Why Are There So Many Youth Baseball-Throwing Injuries?
Beaumont-led, national study seeks answers
After three years of research, a multicenter, national research study led by Beaumont orthopedic surgeon and sports medicine specialist, Joseph Guettler, M.D., may have some answers as to why youth baseball pitching injuries continue to rise despite the implementation of nationally recommended pitching limits. In fact, serious pitching injuries requiring surgery have skyrocketed with one estimate reporting serious throwing injuries are occurring 16 times more often today than just 30 years ago.
“Our research team and colleagues from around the country, saw several recurring themes,” says Dr. Guettler. “It became very clear that dangerous pitching behavior is occurring among pitchers as young as little league all the way through their high school years. And, the blame doesn´t usually lie with the leagues or coaches. Most were found to be adhering to nationally recognized guidelines for pitch limits and rest. It seems much of the blame lies with behavior of parents and their kids.”
Some of the findings concluded that contrary to national guidelines limiting pitches thrown, 13.3 percent of pitchers pitched competitively for more than 8 months of the year, 40 percent pitched in a league without pitch counts or limits, 56.6 percent pitched on back-to-back days, and 19 percent pitched more than one game in the same day. Nearly one-third of these pitchers pitched for more than one team during the same season; one-third played only baseball and 10 percent also played catcher on the same team, another high-volume throwing position.
“The most prevalent reasons for arm pain and tiredness can be boiled down to five major issues,” Guettler adds. “The following behaviors can lead to arm pain and tiredness which can then lead to the most significant shoulder and elbow injuries.”
-Pitching for more than one team during the same season
-Pitching more than one game during the same day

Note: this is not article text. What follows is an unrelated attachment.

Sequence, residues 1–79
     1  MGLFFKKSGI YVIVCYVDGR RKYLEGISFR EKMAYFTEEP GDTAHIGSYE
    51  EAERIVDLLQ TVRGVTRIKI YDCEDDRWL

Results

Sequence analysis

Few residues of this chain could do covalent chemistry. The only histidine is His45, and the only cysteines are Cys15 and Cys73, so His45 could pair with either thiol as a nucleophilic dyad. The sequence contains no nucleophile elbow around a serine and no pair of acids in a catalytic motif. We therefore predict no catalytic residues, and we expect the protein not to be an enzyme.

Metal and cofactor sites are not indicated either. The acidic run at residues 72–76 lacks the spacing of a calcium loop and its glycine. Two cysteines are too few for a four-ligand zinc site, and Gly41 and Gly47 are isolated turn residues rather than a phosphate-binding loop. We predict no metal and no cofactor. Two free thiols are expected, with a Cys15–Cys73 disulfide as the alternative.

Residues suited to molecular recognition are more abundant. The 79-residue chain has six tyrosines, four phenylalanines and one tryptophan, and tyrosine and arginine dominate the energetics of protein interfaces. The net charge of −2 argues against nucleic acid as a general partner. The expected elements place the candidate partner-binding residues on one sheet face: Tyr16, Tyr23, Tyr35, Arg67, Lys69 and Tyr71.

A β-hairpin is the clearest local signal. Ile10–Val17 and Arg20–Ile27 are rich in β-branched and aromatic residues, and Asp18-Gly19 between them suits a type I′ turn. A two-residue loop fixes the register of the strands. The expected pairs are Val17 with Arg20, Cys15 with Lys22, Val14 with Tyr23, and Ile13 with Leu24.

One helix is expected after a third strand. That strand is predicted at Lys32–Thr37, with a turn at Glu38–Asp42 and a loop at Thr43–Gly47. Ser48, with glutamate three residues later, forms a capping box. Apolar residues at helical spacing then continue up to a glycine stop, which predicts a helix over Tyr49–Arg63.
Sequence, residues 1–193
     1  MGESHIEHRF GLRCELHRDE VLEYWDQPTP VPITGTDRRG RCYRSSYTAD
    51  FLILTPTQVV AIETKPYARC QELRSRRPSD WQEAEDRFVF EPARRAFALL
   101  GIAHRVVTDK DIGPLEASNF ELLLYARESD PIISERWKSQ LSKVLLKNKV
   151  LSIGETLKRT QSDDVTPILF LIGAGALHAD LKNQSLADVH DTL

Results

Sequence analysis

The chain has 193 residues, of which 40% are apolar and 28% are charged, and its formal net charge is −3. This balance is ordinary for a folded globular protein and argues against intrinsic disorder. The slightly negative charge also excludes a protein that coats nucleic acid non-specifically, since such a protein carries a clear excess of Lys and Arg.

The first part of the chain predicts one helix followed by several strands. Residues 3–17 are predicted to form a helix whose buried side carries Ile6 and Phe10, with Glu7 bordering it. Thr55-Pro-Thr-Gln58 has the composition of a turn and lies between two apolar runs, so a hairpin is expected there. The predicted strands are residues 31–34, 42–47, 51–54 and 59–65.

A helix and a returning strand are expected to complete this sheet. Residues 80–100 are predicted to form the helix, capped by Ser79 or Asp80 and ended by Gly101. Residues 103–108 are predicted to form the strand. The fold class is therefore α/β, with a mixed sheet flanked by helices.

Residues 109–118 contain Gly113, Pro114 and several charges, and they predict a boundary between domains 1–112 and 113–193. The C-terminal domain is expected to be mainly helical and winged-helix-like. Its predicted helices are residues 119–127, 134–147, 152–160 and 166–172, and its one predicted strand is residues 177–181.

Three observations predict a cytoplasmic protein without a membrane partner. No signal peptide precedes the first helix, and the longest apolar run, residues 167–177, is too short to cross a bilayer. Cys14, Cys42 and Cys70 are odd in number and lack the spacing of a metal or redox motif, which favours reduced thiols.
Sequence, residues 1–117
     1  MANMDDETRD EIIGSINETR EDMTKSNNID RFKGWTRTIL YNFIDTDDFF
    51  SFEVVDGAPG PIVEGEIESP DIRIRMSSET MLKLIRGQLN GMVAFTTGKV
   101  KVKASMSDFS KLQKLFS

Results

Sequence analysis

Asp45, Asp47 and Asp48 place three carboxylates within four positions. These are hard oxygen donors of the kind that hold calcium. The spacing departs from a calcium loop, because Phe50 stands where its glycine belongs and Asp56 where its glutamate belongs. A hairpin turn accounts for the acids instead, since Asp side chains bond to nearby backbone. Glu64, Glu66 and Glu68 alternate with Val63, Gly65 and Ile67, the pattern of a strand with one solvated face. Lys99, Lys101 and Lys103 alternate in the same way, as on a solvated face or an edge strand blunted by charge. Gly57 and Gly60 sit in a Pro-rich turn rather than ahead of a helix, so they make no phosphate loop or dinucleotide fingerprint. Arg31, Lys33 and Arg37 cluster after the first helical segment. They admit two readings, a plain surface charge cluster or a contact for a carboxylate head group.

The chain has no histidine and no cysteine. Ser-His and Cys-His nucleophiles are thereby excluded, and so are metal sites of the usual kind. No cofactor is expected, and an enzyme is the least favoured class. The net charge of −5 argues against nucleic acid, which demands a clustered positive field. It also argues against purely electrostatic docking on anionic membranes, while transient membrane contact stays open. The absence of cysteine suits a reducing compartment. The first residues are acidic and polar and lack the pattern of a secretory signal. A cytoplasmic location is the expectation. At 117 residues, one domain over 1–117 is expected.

-Pitching on back-to-back days
-Pitching in a league without pitch counts or playing year-round
-Throwing curve balls before high school
A total of 754 pitchers between the ages of 9 and 18 participated in this national youth baseball study where all regions of the United States were represented. The average age of the pitchers was 14.1. The average age of first throwing curve balls was 12.2. The boys pitched on average 5.2 months per year, and when in-season, threw 5.4 innings per week. More than half pitched for a travel club, and 41.9 percent attended a pitching camp. Most importantly, one-third of the pitchers reported having a pitching-related injury in the past 12 months, seven out of 10 reported significant arm tiredness in the past 12 months, and nearly 40 percent reported significant arm pain within the past 12 months.
To date, this is the largest study of its kind. It is also the first study to include all regions of the United States. The American Orthopedic Society for Sports Medicine sponsored the study.
Dr. Guettler says that the first step to bringing down the number of pitching injuries can be remembered with a simple, newly coined “Rule of Ones.”
It means one game a day, one day of pitching then rest, one position at a time during a pitched game, one team at a time, only one pitch before high school, and at least one season of some other organized sport. And parents, if your young pitcher mentions that his arm is ‘sore’ or ‘tired’ – let him take some time off. One complaint of arm soreness or tiredness equals one week off.
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